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NVIDIA GPUs are coming to Chromebooks for the first time ever
- Leaked information points to Google working on a Chromebook with a discrete GPU.
- At least two models are in the works, both with an as-yet-unannounced NVIDIA RTX 4050 card.
- There is no timeline for a release quite yet.
Earlier this year, Google and several partners made a big to-do about gaming Chromebooks. These laptops were designed with gaming specifically in mind, right down to RGB lighting and WASD keys that stand out from the rest. However, they were only focused on cloud gaming, as they still didn’t have a dedicated graphics card.
Now, it looks like that could change. According to information seen by 9to5Google, Google is working on a Chromebook with a discrete GPU. Specifically, the GPU appears to be an NVIDIA RTX 4050 card. Interestingly, NVIDIA hasn’t announced this card series yet. The most recently launched series from the company is the 4060 series. Theoretically, the 4050 series would be less expensive and slightly less powerful. For reference, the 3050 series — which would be last year’s analogous counterpart — appeared in sub-$1,000 budget-oriented gaming laptops.
Internally, Google is referring to the in-progress prototype as “Hades.” There are also two OEM prototypes based on “Hades,” known as “Cora” and “Zeus.” Theoretically, these would be two Chromebooks consumers would be able to buy, although the OEMs involved are unknown for now.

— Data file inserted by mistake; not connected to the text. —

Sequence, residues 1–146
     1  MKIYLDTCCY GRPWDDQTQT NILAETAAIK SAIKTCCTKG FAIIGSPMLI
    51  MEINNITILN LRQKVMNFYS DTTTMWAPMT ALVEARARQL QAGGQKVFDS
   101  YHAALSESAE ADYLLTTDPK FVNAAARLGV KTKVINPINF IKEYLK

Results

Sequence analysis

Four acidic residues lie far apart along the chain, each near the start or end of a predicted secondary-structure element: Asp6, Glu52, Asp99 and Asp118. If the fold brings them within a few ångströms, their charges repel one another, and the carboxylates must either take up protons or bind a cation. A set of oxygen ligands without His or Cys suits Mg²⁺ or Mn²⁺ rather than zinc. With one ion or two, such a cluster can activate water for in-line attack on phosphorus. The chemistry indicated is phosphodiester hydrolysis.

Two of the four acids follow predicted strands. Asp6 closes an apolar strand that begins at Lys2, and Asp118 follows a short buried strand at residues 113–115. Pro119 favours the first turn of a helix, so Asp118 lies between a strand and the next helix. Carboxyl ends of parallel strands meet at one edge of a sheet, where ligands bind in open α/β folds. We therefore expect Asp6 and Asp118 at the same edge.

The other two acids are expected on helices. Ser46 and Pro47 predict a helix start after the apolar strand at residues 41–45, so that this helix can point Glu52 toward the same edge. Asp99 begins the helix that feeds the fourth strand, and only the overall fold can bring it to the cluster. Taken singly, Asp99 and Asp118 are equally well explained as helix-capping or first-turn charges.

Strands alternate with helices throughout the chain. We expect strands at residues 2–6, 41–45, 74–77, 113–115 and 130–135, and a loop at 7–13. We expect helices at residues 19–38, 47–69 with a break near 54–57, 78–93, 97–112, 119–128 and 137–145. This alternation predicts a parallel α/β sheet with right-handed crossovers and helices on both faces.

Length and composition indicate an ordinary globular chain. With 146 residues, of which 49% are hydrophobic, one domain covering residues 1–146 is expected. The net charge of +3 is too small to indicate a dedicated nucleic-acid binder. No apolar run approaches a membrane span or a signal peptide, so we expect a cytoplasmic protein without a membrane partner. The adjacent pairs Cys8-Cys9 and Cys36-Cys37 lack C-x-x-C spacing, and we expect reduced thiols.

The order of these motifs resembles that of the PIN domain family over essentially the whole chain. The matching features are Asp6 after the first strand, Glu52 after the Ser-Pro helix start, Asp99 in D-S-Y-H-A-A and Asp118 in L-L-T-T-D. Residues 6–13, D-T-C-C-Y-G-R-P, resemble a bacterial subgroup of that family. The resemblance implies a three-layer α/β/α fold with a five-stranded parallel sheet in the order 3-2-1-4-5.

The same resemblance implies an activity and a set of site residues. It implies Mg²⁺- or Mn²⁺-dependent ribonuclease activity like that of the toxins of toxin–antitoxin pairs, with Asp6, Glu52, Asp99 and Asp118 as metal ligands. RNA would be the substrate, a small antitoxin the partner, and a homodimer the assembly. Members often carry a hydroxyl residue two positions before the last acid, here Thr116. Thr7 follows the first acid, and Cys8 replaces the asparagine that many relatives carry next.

What else is known about Chromebooks with a discrete GPU? Information suggests they will have a 13th-gen Intel processor and DDR5 RAM. In other words, these should be quite powerful, even if Chrome OS itself will present some limitations for gamers.
Finally, there’s also information to support that two features could debut on these Chromebooks. The first would be Extended Power Range, which would allow up to 240W of power for the Chromebook via a USB-C cable. This could negate the need for a separate power cable for the Chromebook, which is something traditional gaming laptops need to deal with. Elsewhere, there could be a way to bypass charging the battery and instead power the Chromebook directly. This would cut down on heat while simultaneously preserving battery health. No Chromebooks have ever had these features before, and the former hasn’t even appeared on a traditional gaming laptop yet.
We’ll need to wait and see how consumers respond to a Chromebook with a discrete GPU. If you can afford this, why wouldn’t you just get a “real” gaming laptop that plays nearly every game rather than a Chromebook that won’t support many titles? We’ll see how this plays out for Google.